Like its rivals who have been paying independent creators for the ad revenue they generate, Twitter is set to do the same starting immediately.
Elon Musk, the controversial Twitter owner and billionaire CEO of Tesla, announced through the platform that it will share ad revenue with content producers whose posts include reply thread advertisements.
Requirements for creators to share in the ad revenue
But there’s a catch: to qualify, creators must have a subscription to Twitter Blue Verified, the contentious new service offered by the site. Any account that purchases Twitter Blue Verified will receive the coveted blue verification checkmark for $8 or $11 per month, depending on whether they do so through Twitter directly, the Apple App Store, or Google Play. The service guarantees algorithmic preference in user feeds in addition to a “Verified” tick.
This latest move by Twitter is comparable to creator incentive programs offered by TikTok, Instagram, and YouTube. However, specifics are still unknown. The program’s operation, the percentage of ad earnings that will go to creators, and any additional user requirements are not yet outlined on Twitter’s help website.
The latest Twitter development is not entirely surprising
The change isn’t a surprising one. After two months of turmoil, Musk declared in December that he would step aside as CEO of Twitter once he found a suitable replacement. Since then, Musk has been dwelling on creator programs. He teased the launch of the new revenue-sharing program in a tweet on Wednesday, writing, “We’re also reviewing ad rev share for ads in a creator’s tweet replies – create an interesting thread and get paid for it!” He mentioned the development of revenue streams for content creators in at least two tweets in November.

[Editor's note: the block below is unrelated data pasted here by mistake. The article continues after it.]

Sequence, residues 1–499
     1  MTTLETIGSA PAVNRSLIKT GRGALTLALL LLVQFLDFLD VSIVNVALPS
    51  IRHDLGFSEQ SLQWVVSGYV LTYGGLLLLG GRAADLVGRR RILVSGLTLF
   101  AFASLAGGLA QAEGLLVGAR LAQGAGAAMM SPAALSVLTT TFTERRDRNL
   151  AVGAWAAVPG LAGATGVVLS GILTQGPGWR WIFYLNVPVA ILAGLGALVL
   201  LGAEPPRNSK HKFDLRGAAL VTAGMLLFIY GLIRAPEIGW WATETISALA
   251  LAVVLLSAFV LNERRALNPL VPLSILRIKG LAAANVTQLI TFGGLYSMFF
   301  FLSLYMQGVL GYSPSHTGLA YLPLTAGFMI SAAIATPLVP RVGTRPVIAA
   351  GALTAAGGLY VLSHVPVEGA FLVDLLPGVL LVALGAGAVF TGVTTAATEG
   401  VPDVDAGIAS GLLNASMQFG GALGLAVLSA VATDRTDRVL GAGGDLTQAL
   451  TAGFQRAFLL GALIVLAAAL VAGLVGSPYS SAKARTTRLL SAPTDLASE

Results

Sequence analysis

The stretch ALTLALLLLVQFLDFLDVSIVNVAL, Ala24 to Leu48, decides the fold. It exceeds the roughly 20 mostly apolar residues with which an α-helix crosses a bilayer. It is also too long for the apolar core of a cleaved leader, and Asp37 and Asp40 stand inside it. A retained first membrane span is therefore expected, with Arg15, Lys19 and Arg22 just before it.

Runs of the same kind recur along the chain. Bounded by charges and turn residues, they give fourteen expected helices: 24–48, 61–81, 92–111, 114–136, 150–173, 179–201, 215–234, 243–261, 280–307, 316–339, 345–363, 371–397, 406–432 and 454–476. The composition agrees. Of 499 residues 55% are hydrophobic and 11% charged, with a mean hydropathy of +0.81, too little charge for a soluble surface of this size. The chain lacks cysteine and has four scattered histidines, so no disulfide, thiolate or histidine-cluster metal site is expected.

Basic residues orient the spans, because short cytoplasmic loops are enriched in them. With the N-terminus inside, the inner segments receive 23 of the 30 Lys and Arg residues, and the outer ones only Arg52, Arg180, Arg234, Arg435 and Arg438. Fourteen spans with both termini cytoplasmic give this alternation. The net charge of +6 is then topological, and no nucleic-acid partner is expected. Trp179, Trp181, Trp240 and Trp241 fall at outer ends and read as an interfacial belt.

Other existing forms of monetization on Twitter
Currently, Twitter users have a few different possibilities for making money off of their posts. For instance, the Super Follow feature lets fans pay a monthly subscription to receive premium content from their preferred creators that are only available to subscribers. While this is going on, Twitter’s Tips feature gives creators the ability to connect a few third-party payment platforms to their profiles, enticing followers to donate money directly to their work.
For the bird app, the new revenue-sharing arrangement will be a first. In any case, this is a terrific time to support independent artists. According to research by the creative talent platform Influencers Club, the creator economy will be worth $104.2 billion by 2022, which is more than quadruple its overall value in 2019.